ST. LOUIS, May 5 Ultraviolet (UV) protection is a concernfor many Americans, particularly in the spring and summer months, but mostpeople are thinking about their skin, not their eyes. The American OptometricAssociation (AOA) warns that prolonged exposure to the sun's UV rays and shortwavelength light (violet and blue light) without proper protection may causeeye conditions that can lead to a variety of vision disorders.
According to the AOA's 2007 American Eye-Q(R) survey, which identifiedAmericans' attitudes and behaviors regarding eye care and related issues, 40percent of Americans do not think UV protection is an important factor toconsider when purchasing sunglasses.
"Just as skin is 'burned' by UV radiation the eye can also suffer damage,"said Gregory Good, OD, Ph.D., member of AOA's Commission on OphthalmicStandards. "The lesson -- especially for young people -- is that eyes needprotection, too. Protection can be achieved by simple, safe, and inexpensivemethods such as wearing a brimmed hat and using eyewear that properly absorbsUV radiation."
Overexposure to UV rays has been linked to age-related cataracts,pterygium, photokeratitis and corneal degenerative changes, the AOA said.These conditions can cause blurred vision, irritation, redness, tearing,temporary vision loss and, in some instances, blindness. And, while thecorrelation is still unclear, there appears to be a link between excessivesummer sun exposure and retinal pigmentation.
The AOA cautions that the effects of sunlight exposure are cumulative;therefore, individuals whose work or recreational activities involve lengthyexposure to sunlight are at the greatest risk. UV radiation reflects offsurfaces such as snow, water and white sand, so the risk is particularly highfor people on beaches, boats or ski slopes. The risk for serious damage isgreatest during the mid-day hours, generally from 10 a.m. to 3 p.m., andduring summer months.
Children and teenagers are particularly susceptible to the sun's damagingrays because they typically spend more time outdoors than adults, and thelenses of their eyes are more transparent than those of adults. Thetransparent lenses allow more short wavelength light to reach the retina ofthe eye.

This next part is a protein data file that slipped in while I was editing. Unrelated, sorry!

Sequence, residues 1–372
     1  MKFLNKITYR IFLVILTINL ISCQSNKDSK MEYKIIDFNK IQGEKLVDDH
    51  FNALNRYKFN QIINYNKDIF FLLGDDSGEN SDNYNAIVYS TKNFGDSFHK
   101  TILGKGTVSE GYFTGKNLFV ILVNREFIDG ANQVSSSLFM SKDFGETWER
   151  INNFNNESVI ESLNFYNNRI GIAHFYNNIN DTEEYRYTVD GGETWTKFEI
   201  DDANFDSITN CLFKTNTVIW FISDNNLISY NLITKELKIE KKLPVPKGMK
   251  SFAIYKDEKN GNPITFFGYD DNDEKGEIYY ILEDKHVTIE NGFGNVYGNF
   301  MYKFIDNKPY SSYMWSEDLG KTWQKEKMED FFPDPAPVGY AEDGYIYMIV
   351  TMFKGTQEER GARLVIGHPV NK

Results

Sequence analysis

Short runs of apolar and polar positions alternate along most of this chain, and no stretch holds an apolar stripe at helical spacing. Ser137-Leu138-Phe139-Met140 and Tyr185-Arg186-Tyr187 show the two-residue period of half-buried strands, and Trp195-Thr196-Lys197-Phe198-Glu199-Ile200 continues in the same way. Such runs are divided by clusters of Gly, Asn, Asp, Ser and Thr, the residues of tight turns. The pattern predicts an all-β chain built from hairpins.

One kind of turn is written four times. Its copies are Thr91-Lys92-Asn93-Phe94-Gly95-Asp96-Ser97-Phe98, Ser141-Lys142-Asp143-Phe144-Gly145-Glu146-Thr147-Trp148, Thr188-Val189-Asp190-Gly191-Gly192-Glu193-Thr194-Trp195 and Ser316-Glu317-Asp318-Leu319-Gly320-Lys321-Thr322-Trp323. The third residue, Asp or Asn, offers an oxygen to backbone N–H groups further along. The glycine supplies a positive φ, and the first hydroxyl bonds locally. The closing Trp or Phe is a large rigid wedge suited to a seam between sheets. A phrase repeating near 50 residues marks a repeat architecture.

The effects of UV radiation are cumulative, so it's important to developgood protection habits early in life, such as wearing sunglasses with UVprotection. The American Eye-Q(R) survey showed that 61 percent of Americansbuy sunglasses for their children, but 23 percent do not check that the lensesprovide protection against UV rays.
By educating Americans about the dangers of UV rays on the eyes and theimportance of choosing proper eyewear that provides the best UV protection,doctors of optometry are helping patients protect their long-term eye health.
The following top five tips from the American Optometric Association canhelp prevent further eye damage from exposure to UV radiation:
Additionally, be sure to receive routine comprehensive eye exams from aneye doctor. It's a good way to monitor eye health, maintain good vision, andkeep up-to-date on the latest in UV radiation protection.
For additional information on UV protection, please visit:http://www.aoa.org/x4735.xml.
The second American Eye-Q(R) survey was commissioned by Opinion ResearchCorporation (ORC). Using a random digit dialing methodology, ORC conductedinterviews with 1,005 Americans 18 years and older who embodied a nationallyrepresentative sample of U.S. households. The margin of error is+/-3.1 percent for the general population. All data is weighted to representthe U.S. general population with respect to gender, geographic region, and agegroup.
About the American Optometric Association (AOA):
The American Optometric Association represents more than 34,000 doctors of